Optimization.—In order to optimize characters, a composite cladogram of ornithischians was built (Fig. 2). General relationships between ornithischian clades follow Butler et al. (2008). Relationships within more exclusive clades are taken from the following works, which represent the most recently published and complete phylogenies containing the taxa we sampled: Ankylosauria, Thompson et al. (2012); Stegosauria, Maidment (2010); non-iguanodontid ornithopods (“hypsilophodontids”), Brown et al. (2011); non-hadrosaurid iguanodontids, McDonald et al. (2010); Hadrosauridae, Prieto-Marquez (2010); non-ceratopsid ceratopsians, Sereno (2010); Xu et al. (2010); Centrosaurinae, Farke et al. (2011); Chasmosaurinae, Sampson et al. (2010). These phylogenies are generally complementary and taxa do not overlap between them. Lesothosaurus diagnosticus is generally considered to be the most completely known basal ornithischian (e.g., Thulborn 1971; Sereno 1991, 1999) and so is commonly used as the basal ornithischian outgroup in phylogenetic analyses of ornithischian clades (e.g., Maidment et al. 2008; McDonald et al. 2010; Thompson et al. 2012). In recent phylogenetic analyses that include a range of basal ornithischian taxa, however, Lesothosaurus has proven unstable. Butler et al. (2008) resolved it as a basal thyreophoran, while Butler et al. (2010) found it to be the most basal neornithischian. This instability is to be expected in a taxon that possesses few unique character states but shares numerous plesiomorphies with several other ornithischian lineages, representing what amounts to an “ancestral” condition. The phylogenetic relationships of Heterodontosauridae are also controversial (see Butler et al. 2008 for a review). On the basis of current evidence, we consider that Lesothosaurus represents the most basal well-known ornithischian, and this is reflected in its basal placement in our composite cladogram, in what we believe represents a consensus view.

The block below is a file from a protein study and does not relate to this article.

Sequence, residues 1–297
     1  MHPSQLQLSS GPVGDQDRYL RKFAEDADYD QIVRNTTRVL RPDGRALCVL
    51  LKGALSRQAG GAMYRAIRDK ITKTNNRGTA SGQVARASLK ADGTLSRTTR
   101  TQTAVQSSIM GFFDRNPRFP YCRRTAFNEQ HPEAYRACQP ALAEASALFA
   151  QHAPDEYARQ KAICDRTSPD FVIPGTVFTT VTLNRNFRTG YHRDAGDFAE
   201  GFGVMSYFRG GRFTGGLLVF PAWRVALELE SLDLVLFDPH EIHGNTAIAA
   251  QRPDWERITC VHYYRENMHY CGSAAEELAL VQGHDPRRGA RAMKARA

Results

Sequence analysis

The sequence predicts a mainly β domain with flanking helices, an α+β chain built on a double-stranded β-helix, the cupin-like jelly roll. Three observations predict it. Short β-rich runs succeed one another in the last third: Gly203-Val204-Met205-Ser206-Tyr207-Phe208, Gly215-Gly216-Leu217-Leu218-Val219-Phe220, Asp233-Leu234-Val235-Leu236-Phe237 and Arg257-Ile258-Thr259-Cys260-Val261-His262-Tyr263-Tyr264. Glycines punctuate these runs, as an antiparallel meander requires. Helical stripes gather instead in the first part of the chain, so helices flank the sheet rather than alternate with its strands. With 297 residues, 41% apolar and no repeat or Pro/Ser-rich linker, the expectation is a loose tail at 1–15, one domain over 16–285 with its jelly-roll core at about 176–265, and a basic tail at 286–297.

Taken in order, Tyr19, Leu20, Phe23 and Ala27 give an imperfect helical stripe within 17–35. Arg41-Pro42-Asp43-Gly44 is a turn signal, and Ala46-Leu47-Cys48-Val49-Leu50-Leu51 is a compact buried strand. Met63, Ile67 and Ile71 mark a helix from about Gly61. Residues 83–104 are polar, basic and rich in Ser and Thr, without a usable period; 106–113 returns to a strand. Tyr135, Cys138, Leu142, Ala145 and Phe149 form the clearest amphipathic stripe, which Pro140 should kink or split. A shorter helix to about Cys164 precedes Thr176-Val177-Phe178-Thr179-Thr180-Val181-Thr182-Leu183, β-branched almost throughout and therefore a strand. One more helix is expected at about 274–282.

Taxa were placed in one of three groups a priori (Fig. 2). Stegosaurs, ankylosaurs, and ceratopsids were designated as unambiguously quadrupedal. Uncontroversial bipeds include the basal ornithischians Lesothosaurus and Abrictosaurus and non-iguanodontian ornithopods (commonly referred to as “hypsilophodontids”). Stance in all of the other taxa considered was designated as unknown. Although taxa placed in our uncontroversial quadrupedal and uncontroversial bipedal groups have never been seriously considered to have had any other stance, we admit that there is some circularity in our methods. Their stance was originally determined because of their osteology, possibly including some of the features we assess as correlates herein. However, we consider that the consistency of the sets of osteological characteristics that allow these taxa to be confidently placed in one group or the other is such that our method is validated. Furthermore, the presence of a centre of mass anterior to the hips, only possible in an obligate quadruped, has been confirmed using mathematical modelling in ceratopsids (Henderson 1999), validating their placement in the uncontroversial quadrupedal group. It is not possible to appeal to characteristics present in extant animals for which stance is known, because both extant bipeds and quadrupeds have quadrupedal ancestors, whereas bipedal and quadrupedal dinosaurs had bipedal ancestors. The bauplan of bipedal dinosaurs is very different from that of extant bipeds. For example, dinosaurs possessed a muscular tail along which the femoral extensor musculature originated. Extant mammalian bipeds do not possess a muscular tail, and the locomotor musculature is arranged differently.